- Note: Also it is important to realise that generally the density values for chemical fuels are without the including the weight of the oxygen required for combusiton. This is typically 2 oxygen atoms per carbon atom, and one per hydrogen atom. The <<atomic weight>> of Carbon and Oxygen are similar, while hydrogen is much lighter than oxygen. Figures are presented this way for those fuels where in pracice air would only be drawn in locally to the burner. This explains the apparently lower energy density of materials that already include their own oxidiser (such as gunpower and TNT), where the mass of the oxidant is effectivly both adding a dead weight, and absorbs some of the energy of combustion to dissociate and liberate oxygen to continue the reaction. This also explains some apparent anomalies like the energy density of a sandwich appearing to be higher than that of a stick of dynamite.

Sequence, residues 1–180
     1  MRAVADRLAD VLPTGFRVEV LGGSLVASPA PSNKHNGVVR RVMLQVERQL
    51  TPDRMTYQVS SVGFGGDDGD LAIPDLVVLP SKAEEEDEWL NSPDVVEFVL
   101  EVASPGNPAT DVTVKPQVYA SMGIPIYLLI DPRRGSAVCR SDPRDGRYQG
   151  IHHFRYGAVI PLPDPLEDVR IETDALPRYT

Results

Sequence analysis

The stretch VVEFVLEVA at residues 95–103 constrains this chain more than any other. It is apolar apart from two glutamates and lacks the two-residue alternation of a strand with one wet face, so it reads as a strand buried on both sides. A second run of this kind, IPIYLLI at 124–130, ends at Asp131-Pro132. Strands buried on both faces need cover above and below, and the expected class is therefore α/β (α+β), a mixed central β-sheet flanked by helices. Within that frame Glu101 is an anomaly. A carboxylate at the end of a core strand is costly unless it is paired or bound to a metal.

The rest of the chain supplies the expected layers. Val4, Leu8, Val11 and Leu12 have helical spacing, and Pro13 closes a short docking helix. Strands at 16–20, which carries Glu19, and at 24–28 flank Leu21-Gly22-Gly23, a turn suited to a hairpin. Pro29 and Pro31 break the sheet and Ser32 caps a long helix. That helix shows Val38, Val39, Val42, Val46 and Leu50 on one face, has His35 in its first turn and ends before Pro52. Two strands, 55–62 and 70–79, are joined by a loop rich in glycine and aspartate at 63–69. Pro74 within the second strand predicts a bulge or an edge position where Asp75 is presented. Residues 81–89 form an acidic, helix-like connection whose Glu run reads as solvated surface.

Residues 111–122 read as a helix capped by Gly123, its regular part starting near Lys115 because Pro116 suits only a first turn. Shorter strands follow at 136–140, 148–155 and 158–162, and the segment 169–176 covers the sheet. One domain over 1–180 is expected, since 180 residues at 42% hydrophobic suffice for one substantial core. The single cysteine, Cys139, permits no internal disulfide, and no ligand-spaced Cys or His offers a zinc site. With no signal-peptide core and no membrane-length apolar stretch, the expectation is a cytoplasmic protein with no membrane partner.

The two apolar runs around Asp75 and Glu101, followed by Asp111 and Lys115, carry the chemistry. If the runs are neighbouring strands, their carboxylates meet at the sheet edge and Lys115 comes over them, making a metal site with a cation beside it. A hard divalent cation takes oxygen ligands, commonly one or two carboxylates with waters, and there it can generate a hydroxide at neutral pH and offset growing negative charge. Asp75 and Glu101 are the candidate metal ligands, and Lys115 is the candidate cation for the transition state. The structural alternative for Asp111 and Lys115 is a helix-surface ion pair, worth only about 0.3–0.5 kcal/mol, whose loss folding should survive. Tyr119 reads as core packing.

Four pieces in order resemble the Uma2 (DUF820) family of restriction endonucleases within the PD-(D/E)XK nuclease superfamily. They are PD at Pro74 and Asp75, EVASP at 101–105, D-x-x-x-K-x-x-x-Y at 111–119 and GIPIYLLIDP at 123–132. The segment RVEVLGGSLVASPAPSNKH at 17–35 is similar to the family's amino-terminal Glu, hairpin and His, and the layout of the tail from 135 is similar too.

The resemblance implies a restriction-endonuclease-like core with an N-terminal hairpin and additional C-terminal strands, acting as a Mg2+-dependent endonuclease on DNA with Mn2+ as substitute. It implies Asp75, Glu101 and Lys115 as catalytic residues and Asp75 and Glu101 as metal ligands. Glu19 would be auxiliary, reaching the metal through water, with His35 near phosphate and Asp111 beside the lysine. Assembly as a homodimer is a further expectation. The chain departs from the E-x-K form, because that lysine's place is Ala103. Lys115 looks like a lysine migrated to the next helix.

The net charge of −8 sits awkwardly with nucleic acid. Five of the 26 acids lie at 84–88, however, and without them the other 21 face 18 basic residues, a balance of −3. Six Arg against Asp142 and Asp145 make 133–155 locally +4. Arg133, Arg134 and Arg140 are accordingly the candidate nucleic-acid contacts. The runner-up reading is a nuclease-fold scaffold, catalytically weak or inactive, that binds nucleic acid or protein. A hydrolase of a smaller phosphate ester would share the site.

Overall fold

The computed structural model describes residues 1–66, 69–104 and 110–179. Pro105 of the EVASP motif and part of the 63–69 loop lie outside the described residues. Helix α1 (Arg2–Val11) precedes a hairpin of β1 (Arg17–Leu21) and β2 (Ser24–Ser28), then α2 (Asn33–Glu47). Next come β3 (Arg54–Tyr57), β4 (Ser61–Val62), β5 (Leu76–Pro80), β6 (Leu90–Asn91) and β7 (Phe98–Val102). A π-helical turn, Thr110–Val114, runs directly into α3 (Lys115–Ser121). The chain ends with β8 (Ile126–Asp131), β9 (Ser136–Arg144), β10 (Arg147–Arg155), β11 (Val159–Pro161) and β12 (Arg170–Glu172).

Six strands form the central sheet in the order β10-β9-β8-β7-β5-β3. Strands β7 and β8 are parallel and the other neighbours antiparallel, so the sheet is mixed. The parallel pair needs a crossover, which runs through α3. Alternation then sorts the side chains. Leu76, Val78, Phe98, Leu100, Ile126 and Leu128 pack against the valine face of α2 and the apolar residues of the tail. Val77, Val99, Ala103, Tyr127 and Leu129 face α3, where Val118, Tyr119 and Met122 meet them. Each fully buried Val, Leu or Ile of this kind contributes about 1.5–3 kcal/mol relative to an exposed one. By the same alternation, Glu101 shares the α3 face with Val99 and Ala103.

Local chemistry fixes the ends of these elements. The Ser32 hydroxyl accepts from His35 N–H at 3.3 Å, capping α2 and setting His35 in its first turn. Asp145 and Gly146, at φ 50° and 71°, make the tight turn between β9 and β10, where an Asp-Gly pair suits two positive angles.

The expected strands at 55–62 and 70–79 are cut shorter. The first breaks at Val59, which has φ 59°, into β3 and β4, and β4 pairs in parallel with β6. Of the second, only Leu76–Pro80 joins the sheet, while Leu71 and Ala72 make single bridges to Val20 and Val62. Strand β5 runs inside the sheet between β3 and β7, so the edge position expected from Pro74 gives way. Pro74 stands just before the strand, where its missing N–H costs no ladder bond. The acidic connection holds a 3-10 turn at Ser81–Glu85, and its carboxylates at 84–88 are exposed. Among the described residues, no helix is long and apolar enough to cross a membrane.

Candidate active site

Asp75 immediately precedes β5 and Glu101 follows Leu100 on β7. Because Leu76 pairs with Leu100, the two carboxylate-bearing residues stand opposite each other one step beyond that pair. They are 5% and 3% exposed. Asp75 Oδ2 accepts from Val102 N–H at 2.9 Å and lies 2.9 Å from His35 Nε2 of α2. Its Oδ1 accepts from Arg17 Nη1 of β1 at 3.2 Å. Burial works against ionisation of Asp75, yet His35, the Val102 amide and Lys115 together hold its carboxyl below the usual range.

Common energy densities
List of Energy Capacities of Common Storage Units